Reply
  26. Darla OConnor - August 27, 2019 8:35 pm

    The absolutely only way to fully grieve the loss of a canine family member is to adopt another canine family member to lick your tears away. The new pup does not in anyway replace the pup who has crossed the rainbow bridge, but they do make sure your heart stays expanded in ways that grieving alone will not allow. Each pup is loved differently, but just as much.

    Reply
  27. Cathy Moss - August 27, 2019 9:23 pm

    I rescued a dog 8 yrs ago. Saw him on the local news at noon. Was watching with a good friend. I had been talking abt a dog but my husband was not on board. Three married children, eight grandchildren to love. My friend is a dog woman and she said “ Go get that dog. He’s just what you have been looking for. I drove to the shelter which was near the B’ham airport. They brought him out. He looked like The dog from the movie. BENGIE. He got on his back and my granddaughter who was abt 8 yrs old said she thought he was the dog for me. My children laugh abt how foolish we are over him. They were not spoiled but Our dog is spoiled. My youngest son was laughing abt it the other night bc my husband is rediculous. I told my son that he never should have married and left home. We had to replace the children and Rocket has done his job. Here’s to all of us who have known the love of a dog. Unconditional and constant.

    Reply
  28. Jeri Blom - August 27, 2019 11:24 pm

    Sean, I am crying, for you, for Jamie, for everyone who has ever lost a beloved pet!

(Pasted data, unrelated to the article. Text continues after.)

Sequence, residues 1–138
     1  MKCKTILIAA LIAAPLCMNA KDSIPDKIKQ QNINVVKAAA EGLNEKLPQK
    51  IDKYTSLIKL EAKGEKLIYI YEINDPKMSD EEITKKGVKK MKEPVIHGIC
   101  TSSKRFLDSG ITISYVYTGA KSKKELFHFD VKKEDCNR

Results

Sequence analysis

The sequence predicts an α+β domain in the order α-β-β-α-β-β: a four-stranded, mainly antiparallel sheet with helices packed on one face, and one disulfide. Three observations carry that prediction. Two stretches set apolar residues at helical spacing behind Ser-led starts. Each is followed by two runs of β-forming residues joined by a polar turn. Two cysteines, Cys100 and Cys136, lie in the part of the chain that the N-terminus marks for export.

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  29. Dick - August 28, 2019 3:01 am

    MY DOG died two years ago, I still have no immediate plans to get over him.
    I scowl at notes about the Rainbow Bridge & such, it does not bring me relief.
    My son moved back home with his dog, so he does fills a hole.
    But never THAT HOLE,

    When friends used to broadcast their loss on social media, I would think,
    “oh, that’s too bad.”

    Now I understand.

    Reply
  30. Nancy - August 29, 2019 1:55 am

    That one really hits home. Currently have four dogs… 3 are over 13…baby will be 9 in October.

    Reply
  31. Judy Riley (from a long line of dog lovers......and passed it on to my children. - August 30, 2019 8:54 pm

    Sad, but great story! Ellie Mae will always be with you!!!

    Reply
  32. Sherry Holmes - September 10, 2019 5:30 pm

    It is sooo hard to say good bye to your loved ones, no matter what “breed” two legged or four… I find that believing that God has put our pets in our lives to love and care for (not as long as we hope) is a blessing in its self. He has also given us the love for not only a new puppy, but to love one from the pound or rescue. They need us too. I like to think our 2-legged adopted sons did as well!!

    Reply